previously, we talked about making these adjustments to images the real basic things, like exposure, some color adjusting. And I told you that those things were destructive at it. And I use that word carefully, I guess, cause they're edits. And but the truth of the matter is that they do become destructive, just in the sense that once you make them, you don't want to keep redoing them. Like if it's like cooking, like if you bake a cake, the cake is baked. And if you're like me and it's not maybe baked so well, you can't really like re bake it. It's already baked. So that's kind of how those at its work. But now I'm going to show you how you can get around that and do what's called nondestructive editing. And that is by making use of something called adjustment layers. So pretty much everything that we've done so far can be done non destructively by using these adjustment layers. So we'll talk more about the layers panel later, But right now, well, just look at the bottom of it and ther...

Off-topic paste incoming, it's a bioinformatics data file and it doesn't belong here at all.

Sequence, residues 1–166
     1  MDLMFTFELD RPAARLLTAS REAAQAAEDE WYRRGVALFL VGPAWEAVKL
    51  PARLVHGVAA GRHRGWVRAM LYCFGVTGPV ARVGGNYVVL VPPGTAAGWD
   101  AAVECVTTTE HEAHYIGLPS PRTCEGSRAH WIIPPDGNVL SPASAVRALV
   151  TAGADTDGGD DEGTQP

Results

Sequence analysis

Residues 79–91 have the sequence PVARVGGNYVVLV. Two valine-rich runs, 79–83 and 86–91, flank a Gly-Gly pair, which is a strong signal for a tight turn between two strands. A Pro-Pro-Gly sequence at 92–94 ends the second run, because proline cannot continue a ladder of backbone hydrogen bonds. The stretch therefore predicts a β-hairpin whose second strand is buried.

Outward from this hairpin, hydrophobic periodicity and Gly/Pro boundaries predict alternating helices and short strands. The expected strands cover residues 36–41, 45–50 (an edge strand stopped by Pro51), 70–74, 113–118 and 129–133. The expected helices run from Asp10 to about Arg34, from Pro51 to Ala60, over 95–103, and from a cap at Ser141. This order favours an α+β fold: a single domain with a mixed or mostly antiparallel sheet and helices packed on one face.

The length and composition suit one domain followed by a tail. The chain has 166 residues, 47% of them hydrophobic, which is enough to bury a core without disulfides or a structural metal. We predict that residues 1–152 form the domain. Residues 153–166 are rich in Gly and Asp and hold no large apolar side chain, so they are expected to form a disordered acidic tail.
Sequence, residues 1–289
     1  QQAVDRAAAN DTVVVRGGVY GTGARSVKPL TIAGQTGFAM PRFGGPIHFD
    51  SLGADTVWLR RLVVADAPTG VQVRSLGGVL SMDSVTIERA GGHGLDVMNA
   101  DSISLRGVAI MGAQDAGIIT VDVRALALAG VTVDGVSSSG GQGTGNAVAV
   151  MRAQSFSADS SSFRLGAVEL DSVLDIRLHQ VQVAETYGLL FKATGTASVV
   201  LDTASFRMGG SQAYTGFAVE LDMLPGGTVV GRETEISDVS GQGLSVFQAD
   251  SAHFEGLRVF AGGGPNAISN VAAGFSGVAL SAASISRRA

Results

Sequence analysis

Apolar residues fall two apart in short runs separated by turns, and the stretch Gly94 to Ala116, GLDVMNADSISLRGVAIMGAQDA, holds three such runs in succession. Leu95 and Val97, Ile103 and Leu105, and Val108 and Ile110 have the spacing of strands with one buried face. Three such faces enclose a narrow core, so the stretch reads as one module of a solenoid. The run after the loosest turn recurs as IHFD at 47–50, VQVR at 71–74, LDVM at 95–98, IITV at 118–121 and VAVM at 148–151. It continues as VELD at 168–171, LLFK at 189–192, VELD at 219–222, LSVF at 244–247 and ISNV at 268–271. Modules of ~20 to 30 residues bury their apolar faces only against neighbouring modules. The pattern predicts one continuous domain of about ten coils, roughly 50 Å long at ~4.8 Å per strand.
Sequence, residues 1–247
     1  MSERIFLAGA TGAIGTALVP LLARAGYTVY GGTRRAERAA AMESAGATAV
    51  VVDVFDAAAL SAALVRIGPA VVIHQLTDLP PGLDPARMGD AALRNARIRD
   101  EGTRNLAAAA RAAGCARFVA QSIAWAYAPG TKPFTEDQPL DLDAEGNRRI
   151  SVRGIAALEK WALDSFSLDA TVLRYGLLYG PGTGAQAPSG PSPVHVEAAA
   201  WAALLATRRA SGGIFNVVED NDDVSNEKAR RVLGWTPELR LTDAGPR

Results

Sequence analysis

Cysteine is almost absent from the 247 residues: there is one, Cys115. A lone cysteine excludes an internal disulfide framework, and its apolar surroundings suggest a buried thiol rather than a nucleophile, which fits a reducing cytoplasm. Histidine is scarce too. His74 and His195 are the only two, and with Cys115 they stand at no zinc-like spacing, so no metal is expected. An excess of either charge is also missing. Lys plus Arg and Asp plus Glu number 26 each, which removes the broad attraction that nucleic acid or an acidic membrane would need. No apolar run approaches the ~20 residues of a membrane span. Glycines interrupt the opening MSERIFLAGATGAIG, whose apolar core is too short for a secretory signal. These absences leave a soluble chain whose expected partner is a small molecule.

e's a bunch of little icons down here. This little one, that is I call it the union, even though it's not quite a union. But it's kind of close when you're looking at it this small. It doesn't really matter, as I call it, the union. But this is the adjustment layer menu options. So when you click on that, these are all the different types of adjustments that you can make non destructively right here in the layers panel. So I have this image here of my cute little niece, and I'm gonna make some adjustments to, For example, let's do levels so we'll pull up levels and the window looks slightly different because it appears here as a a panel instead of up here. But it's the same thing. It's just that instead of being applied directly into the image, the adjustment now lives in its own layer in the layers panel. So let's do the little adjustment here, so I think the highlights are OK. But the shadows, as we can see if we look at the history Ram, there's nothing that's really, like, truly a shadow on. That may be fine, but in this case I think the image could stand a bit of a contrast boost and one way that you could increase. The contrast is to bring those, uh, shadows in, so boost the shadows. So the contrast is the difference between the highlights and shadows. So in this case, we don't really have some kick in shadows. So I'm going to grab that slider and drag it inward just a little. I mean, really don't have to go far. Just bring it in. Basically to where this information starts. I've heard this referred to Is Heading for the Hill. You just drag the slider in for where the hills start and maybe we want to push the mid tones a little bit. So maybe something like that. Now, the difference here is unlike up here, where we opened the Levels command and there's an O. K button. There's no OK button here because we're never actually committing the adjustment. The adjustment is sort of free floating, always convey, edited. At any time we can tweak it, we can throw it away. We could increase that decrease it faded, whatever. So there's no OK button, so that's kind of weird for people to get used. Teoh. I still have a hard time not clicking, okay? And also because then I'm like, get this thing off my screen. I want it gone. So instead of okay, you can train yourself to come up here and click this little double arrow, and that will just collapse it, Okay, And then let's talk about what we have here in the layers panel. So, like I said, we'll cover this in more detail later. But right now we have our image, which is just called background, and on top of it, we have this funny looking thing, and over here I always think this looks like a crown, but it's really levels. So each of these different types of non destructive adjustment layers that you make over here they carry their own little icon that shows up here. So, for example, if we wanted to add another one to this like, let's say we want to tweak the color to this as well, so I'll go back down and add another adjustment layer. So for all the adjustments you wake, they get their own layers. So we'll click the little union again, and this time I'll select color balance just like we did earlier. And I don't know, I don't even remember I kind of like if I want a warm this up a little bit, I can push it a little more yellow. I guess when I do look at this, it does seem a little bluish. So I'll warm it up by just dragging the slider here to the yellows on may be a little more magenta smidge and all right, so maybe something like that, Very subtle. Not all of your adjustments have to be big, sweeping, life changing things that can be tiny. So again there's no OK button. So I will just click that little double arrow, and now we see another layer here, and this one is called color melons. So this is the adjustment that we just made to the color balance, and you can see that the icon is scales basically so there balancing. So that is just your little visual indicator that thistles the color balance adjustment layer. This one is really even though it looks like a crown, it's really like your hissed a gram. So this is levels. And what's cool about the adjustment layers is that we can topple them on and off any time we want. So if I want to see Wait, What difference did the color balance adjustment make? This little icon right here is like a little eyeball, its visibility icon, so I can turn it on and off. That's really subtle. If you can even see what it's doing to the image, it's super subtle, but we can toggle it on and off. Let's see what's happening here with levels that's that's more noticeable, the levels adjustment. So what's cool about these adjustment layers and what makes them non destructive is that they just are there, like isolated so they don't actually have anything to do with the background. So, in fact, I could take these adjustment layers and dragged them into another image if I wanted to, so I could take that adjustment and then just quickly drop it into another image, and it would take the same adjustment and apply it to that image. So, um, it has nothing to do with the background. It's all by itself. It's just an adjustment. It on Lee interacts with the background here in the layers panel, where, uh, layers tend to rain down where his leg like rain clouds so the adjustments do rain down and impact the background. When you combine them all, but they are separate, so that means we can talk with them on and off. We can fade their power or their capacity up here by selecting whichever one. And then you can come up here to the opacity setting. And if we click this drop down, I can drag this arrow and maybe I'm like And let's just fade that levels adjustment a little bit, I could fade it. It's hard to see. We'll make something more drastic than we'll do it, so we can also tweak it at any time. So to do that, if I just double click the little thumbnail, it'll pop open here again. And let's just do something. We'll do something really drastic. Like just you can see that is probably not a good choice, but that's OK. So we've done this now. So now I could fade it down. Up here, you can see you could make a drastic adjustment, and then you could sort of temperate by just fading it back. The opacity up here so there's a lot of different ways that you can use these, but the main reason that they are great is because they're not permanent. They're totally flexible. Um, and you just have so much more control. When we made the level adjustment up here, it gets applied, and that's kind of it. I mean, you can Commander Control Z, and you can undo it, but you can't work with it again. It's it's baked, but over here it's endlessly flexible. It's also great because it comes with this thing right here, which will talk more about later. But this is called a mask, and right now it's not doing anything. But you can use the mask to hide parts of that adjustment. We'll talk more about it later, but it allows you to adjust parts of an image without adjusting other parts of intimate. So it gives you a lot of control and flexibility and freedom. And who doesn't want that? Right? Okay, so that's a look at non destructively. So going forward in this course, that's how we'll be doing. Most of the adjustments will be over here with an adjustment layer for the simple fact that it's more flexible. I personally like when I'm working, if I just have an image that I'm popping open and I just need to do something quick and then I'm gonna I'm done with it. I'm not going to be like, Let me get my adjustment layer And you know, if I just have an image and I'm like, I just want to boost the contrast or whatever, I'll just open it. Pop open levels, make the change, close it, save it done. But if I'm working on something where I think you know I'm going to be working at it for a while, I might want to change it. I'm creating maybe a lot of effects, or if I'm making a composite or anything that's more involved than you definitely want to be using the adjustment, there's.